Knowing shear mechanism of discontinuities under monotonic and cyclic loading conditions is a key factor in stability analysis of rock slopes and rock foundations. In this paper, the effect of cyclic loads on the shear mechanism of joint asperities is described. For this purpose, a fresh tension-split joint from a granite block was used as a reference and thirty five mortar replicas were fabricated. Cyclic shear tests were conducted on replicas under low values of constant normal load (CNL) using a servo-controlled loading system. Tests were performed in two consecutive steps; load-controlled and then displacement controlled. In the load controlled part, after initial increase of shear stress to 0.25 MPa, the test was stopped for 2 minutes, then increased to 0.5 MPa, and finally decreased to 0.25 MPa. This process was repeated ten times. At the end, the test was continued up to 10 mm shear displacement under displacement-controlled loading in order to pass the peak shear strength and reach the residual strength. Characterizing joint surface and modeling of involved asperities during the tests was undertaken using a Matlab code developed with new mathematical expressions. The algorithm used in the code is based on three-dimensional coordinates of the scanned joints' surfaces before and after the test. It was found that a high percentage of degradation happens during the first cycle of loading and during the other cycles, degradation occurs gradually. While comparing tests conducted in monotonic and cyclic loading conditions, it was observed that under low number of cycles, the pronounced mechanism is consolidation of the joint surfaces. This consolidation increases contact areas and, therefore, shear strength parameters.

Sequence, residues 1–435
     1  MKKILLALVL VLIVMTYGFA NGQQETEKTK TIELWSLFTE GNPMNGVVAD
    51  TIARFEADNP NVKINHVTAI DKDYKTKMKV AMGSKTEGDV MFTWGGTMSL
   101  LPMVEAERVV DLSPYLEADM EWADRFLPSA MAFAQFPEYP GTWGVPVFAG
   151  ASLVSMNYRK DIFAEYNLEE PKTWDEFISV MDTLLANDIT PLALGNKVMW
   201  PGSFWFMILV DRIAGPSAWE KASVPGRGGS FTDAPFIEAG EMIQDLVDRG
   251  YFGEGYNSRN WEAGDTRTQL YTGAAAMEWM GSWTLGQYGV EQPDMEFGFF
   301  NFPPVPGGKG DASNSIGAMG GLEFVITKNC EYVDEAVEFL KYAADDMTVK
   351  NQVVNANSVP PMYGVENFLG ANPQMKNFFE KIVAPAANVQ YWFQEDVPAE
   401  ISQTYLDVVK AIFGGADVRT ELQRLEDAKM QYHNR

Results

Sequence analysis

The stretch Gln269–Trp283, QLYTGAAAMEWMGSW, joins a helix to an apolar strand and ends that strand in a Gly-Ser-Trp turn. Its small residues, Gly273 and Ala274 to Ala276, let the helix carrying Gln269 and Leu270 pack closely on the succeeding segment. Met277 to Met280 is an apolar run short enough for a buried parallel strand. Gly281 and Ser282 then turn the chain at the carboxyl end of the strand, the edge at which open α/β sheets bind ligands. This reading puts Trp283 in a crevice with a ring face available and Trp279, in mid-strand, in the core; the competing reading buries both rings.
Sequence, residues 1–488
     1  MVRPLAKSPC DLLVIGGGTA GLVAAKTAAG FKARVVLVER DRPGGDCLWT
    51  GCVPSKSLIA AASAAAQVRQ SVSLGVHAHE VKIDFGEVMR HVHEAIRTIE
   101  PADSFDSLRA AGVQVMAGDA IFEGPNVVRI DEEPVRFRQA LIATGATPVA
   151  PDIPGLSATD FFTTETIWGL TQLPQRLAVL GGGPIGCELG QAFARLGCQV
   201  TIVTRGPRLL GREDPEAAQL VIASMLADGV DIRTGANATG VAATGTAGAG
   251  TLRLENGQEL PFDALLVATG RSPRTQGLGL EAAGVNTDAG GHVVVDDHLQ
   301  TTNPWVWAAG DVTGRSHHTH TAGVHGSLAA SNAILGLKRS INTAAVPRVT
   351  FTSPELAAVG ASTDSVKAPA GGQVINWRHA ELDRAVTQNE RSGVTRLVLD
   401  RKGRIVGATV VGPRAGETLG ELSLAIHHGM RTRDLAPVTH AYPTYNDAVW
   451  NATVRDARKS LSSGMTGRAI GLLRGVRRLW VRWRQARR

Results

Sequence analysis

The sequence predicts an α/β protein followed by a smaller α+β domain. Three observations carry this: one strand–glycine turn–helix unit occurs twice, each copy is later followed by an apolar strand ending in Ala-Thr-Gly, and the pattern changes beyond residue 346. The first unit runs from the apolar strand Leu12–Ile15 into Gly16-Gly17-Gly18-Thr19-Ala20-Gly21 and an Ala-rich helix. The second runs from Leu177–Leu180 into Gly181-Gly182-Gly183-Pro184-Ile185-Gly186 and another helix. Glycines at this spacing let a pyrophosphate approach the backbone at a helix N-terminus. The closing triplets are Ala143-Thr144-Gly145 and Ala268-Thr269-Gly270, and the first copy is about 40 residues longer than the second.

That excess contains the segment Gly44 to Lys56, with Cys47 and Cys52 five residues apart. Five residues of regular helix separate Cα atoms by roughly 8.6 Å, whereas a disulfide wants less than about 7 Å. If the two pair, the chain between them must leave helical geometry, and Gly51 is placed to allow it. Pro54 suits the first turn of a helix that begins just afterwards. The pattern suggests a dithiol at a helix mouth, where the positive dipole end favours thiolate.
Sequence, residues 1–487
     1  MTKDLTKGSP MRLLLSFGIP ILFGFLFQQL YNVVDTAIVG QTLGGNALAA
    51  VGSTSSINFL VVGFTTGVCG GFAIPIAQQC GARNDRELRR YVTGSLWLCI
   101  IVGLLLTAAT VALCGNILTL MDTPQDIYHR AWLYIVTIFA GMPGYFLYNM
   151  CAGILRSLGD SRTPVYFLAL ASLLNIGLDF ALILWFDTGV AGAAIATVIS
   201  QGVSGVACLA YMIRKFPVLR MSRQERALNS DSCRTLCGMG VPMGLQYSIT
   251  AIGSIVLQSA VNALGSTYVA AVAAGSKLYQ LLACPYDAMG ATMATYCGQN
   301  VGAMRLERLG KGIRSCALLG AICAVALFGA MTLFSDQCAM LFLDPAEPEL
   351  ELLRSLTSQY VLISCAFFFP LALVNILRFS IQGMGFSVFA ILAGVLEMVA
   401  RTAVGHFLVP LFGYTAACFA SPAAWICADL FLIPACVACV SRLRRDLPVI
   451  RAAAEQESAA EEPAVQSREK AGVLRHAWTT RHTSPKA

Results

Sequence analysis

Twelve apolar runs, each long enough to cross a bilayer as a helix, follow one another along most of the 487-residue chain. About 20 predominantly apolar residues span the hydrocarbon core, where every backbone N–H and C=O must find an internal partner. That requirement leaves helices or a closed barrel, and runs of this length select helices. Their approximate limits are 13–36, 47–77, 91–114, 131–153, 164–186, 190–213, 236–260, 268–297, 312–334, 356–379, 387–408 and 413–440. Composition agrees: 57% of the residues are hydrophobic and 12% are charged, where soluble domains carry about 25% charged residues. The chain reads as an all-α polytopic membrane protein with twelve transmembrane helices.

According to the significant influence of pre-existing discontinuities on the instabilities of geotechnical structures, knowing the shear mechanism of discontinuities under real loading conditions is the key to designing of geotechnical projects. Two main loading conditions that must be considered in the design of these projects are static (monotonic) loads and cyclic (dynamic) loads. Most of the previous experiments have focused on determining shear mechanism and shear strength parameters of rock joints under monotonic loading (Barton 1977; Jing et al 1992; Grasselli 2001; Moradian et al 2010; Asadollahi 2011; Barton 2013). Some of them have conducted displacement-controlled cyclic loading conditions (Hutson et al. 1990; Huang et al. 1993; Jing et al. 1993; Homand et al. 1999; Lee et al. 2001; Jafari et al. 2003). The shear strength of rock joints under load-controlled cyclic loading conditions has also been studied (Jafari et al. 2004; Tsubota et al. 2013). Jafari et al. (2004) investigated the effect of the number, the frequency, and the stress amplitudes of the cycles on the peak and residual shear strength of rock joints. They reported that shear strength decreases with increasing the number, frequency, and stress amplitudes of the cycles. Tsubota et al. (2013) showed that shear strength decreases with increasing the number of cycles, while the frequency of loading (0.1 and 1 Hz) has no significant impact on the shear strength. They also stated that the dynamic shear strength is equal to or higher than the static one, which is on the opposite of the results obtained by Jafari et al. (2004). Although the mentioned studies have provided some insight into shear strength parameters of rock joints under cyclic loading conditions, the shear mechanism of rock joints is still not well understood. Therefore, owing to the influence of various parameters on the cyclic properties of rock joints, further studies are necessary.

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